A discussion came up today during a therapy session when I explained a situation that I was faced with. Without giving details here, she said:
“It sounds like this person mirrored your behavior and when you hit a depression and life stopped being fun, they moved on.”
Have you ever met someone who was so much like you in early stages of the relationships that you couldn’t help but feel like you were soul mates? Or maybe it seemed too good to be true.
Some people you click with naturally, but sometimes – people are mirroring your behaviors.
Why do people do this?
That’s a good question. It may be that people lack confidence or awareness into who they are. Or they admire you and want to be like you. Or the darker aspect of mirroring – it can be a manipulation tactic to win you over. To gain your trust. And then a few months down the road, the flip will switch and you start to see that they aren’t the person you once knew at all.
On the toxic side of mirroring, it may be that the person is so miserable with their life that they can’t help it. They might not be aware of what they are doing. While others are very aware and use this to “infiltrate” the other person’s life. And sometimes, they are so good at what they do – it works.
I’ve lost friends over this. But I’m also fiercely protective over those long-term relationships and friendships and will do what I can to keep them safe.
What is mirroring?
Mirroring is matching the other’s persons behavior. Whether it is the way they speak, their mannerisms, they way they dress, the things they’re interested in, even down to body posture when together in person.
Sometimes mirroring happens when you spend a lot of time together. I’ve noticed, that sometimes I will adopt phrases that a partner or friend uses. Or we repeat the same jokes. You get the drill. Or you start loving their hobbies and interests, just to spend time with them.
This is also why I stayed in relationships that weren’t good for me, for far too long and often wound up hurt when they ended.
Is mirroring a toxic behavior?
Not always. The other person may not be aware of what they are doing. While other times, mirroring can be a way to gain your trust early on and make you feel as though you are the most important person. That you’re a rare bird and a rare catch. That your connection is like nothing else they have ever experienced before.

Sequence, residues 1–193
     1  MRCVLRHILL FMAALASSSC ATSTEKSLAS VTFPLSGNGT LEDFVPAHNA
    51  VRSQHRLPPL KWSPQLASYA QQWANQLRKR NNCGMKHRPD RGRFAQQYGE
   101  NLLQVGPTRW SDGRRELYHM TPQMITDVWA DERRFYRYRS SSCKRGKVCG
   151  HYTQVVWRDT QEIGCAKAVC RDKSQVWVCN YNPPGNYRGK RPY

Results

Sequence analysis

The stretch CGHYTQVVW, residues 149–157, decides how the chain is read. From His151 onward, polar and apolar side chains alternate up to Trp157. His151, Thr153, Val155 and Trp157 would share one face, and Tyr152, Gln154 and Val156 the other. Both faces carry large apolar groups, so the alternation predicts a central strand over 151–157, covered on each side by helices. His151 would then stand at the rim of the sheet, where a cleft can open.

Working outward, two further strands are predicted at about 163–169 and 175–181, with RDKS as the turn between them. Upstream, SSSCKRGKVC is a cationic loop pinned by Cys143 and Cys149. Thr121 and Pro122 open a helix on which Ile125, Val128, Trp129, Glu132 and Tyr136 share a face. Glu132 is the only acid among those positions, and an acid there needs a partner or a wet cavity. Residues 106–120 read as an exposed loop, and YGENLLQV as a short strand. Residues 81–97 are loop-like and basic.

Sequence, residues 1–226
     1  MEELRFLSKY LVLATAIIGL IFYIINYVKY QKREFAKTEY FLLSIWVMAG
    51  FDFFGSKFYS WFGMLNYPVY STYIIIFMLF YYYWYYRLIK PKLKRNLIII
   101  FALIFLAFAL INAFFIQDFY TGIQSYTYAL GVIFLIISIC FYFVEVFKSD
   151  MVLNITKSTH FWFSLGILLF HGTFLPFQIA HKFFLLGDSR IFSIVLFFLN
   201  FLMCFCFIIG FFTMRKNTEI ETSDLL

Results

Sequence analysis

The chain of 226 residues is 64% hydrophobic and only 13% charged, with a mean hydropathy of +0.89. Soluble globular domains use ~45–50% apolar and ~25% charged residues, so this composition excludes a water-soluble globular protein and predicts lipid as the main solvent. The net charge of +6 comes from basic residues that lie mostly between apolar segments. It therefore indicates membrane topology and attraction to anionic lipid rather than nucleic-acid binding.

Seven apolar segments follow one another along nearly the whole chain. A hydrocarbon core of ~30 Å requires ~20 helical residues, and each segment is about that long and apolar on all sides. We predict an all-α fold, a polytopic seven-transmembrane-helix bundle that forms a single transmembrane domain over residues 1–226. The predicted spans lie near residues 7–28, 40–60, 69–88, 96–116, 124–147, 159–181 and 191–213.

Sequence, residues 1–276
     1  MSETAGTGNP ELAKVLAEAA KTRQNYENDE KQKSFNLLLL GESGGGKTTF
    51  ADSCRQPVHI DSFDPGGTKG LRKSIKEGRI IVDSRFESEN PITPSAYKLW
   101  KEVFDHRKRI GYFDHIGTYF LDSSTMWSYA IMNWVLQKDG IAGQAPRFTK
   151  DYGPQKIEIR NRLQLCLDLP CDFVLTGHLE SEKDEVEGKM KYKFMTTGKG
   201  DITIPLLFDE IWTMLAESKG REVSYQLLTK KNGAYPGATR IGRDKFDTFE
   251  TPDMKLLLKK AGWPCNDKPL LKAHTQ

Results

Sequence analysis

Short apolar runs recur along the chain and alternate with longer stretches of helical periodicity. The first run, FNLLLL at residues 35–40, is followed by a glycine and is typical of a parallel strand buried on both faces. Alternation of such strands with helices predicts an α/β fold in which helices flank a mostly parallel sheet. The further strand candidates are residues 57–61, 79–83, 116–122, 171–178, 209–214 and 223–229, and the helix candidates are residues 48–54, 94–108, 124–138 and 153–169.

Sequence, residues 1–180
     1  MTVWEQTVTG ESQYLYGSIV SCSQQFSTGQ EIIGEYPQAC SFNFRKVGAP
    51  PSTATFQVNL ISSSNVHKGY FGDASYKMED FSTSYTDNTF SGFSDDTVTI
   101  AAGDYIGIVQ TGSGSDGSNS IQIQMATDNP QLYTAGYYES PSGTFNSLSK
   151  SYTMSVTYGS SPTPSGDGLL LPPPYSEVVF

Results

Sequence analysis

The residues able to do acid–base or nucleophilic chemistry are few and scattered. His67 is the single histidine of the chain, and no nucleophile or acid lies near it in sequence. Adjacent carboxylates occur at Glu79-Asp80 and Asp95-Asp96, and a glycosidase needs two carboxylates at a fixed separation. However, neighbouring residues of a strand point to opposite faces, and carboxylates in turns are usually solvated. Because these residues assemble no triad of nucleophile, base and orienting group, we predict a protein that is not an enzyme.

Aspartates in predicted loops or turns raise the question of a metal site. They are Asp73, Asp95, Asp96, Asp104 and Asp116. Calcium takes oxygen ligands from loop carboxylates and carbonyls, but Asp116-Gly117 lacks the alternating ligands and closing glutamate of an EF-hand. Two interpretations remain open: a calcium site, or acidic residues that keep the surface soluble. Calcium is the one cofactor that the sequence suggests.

This is a form of manipulation that often presents itself months down the road. It may be easy to catch early on, but some people are good at masking and hiding who they really are.
I know I’ve done this in the past with people. I don’t think it was intentional. I would change myself for partners. Until I did some shadow work to determine core values and started imposing boundaries and limits that were for me.
This also changed relationships for me. While there are still things I struggle with – like trust and anxiety, I’m getting better at recognizing toxic traits early on. But some people can still fool you. I also really recognize toxic traits in myself, that I am trying to unlearn.
What about mirroring in romantic relationships?
Sometimes in romantic partnerships or connections, you can mirror each other’s feelings. This is especially true if you are an empathetic person. I know that for me, my emotional state often depends on how the other person is feeling. Or how they interact with me.
Relationships are harder for me, because I notice everything. Even if communication changes in the slightest, I need more reassurance more than the average person. It can honestly be exhausting. I’m learning as much as I miss things like intimacy, I’m often better off single.
If my moods are that dependent on the way someone else treats me, then maybe that person or relationship isn’t the right one for me.
New relationship energy or mirroring?
New relationships energy can also complicate things. Some call it the honeymoon stage. Everything is shiny and new. You want things to be perfect. But relationships aren’t perfect. They’re meant to have challenges and lessons so that we can all learn and grow from them.
While mirroring early on in relationships can be a useful tool, over time, learning to recognize your partner’s needs and emotions should come naturally to you.
You’re allowed to feel what you want in the present moment. You’re allowed to have a difference of opinions. You don’t have to match or agree on every subject or challenge that might come along.
This is part of life. Part of what being in a relationship is. The best connections are those that you can learn from and help each other grow. And also, when you’re there for each other during low points in life.
Something I really learned this year is:
Be wary of people who seem too good to be true early on. If they use language like “you’re important to me” in the first weeks of conversation, this is a red flag for me.
It’s one thing to click naturally and have a lot in common, but trust me when I say – you won’t match on everything. And if you do, maybe it’s time to step back and figure out who you really are and what makes you tick.
Because copying someone, making friends with all of their friends, and then ditching that initial relationship? That’s just hurtful to the ones you leave behind. And yes, I’ve had this happen a few times.
One person just ghosted me without an explanation, after chatting for months on end. All day. Every day. I wound up blocking her on all platforms when I learned she was hitting up my partner at the time. That’s not cool. That’s taking mirroring TOO far.
Some people do this. They see you living the life they want for themselves, and try and take yours over, while pushing you out. I’ve lost some friends to this over the years. And sometimes, you just drift apart as new people come in.
Good relationships take time to develop. Build on them. Go slowly.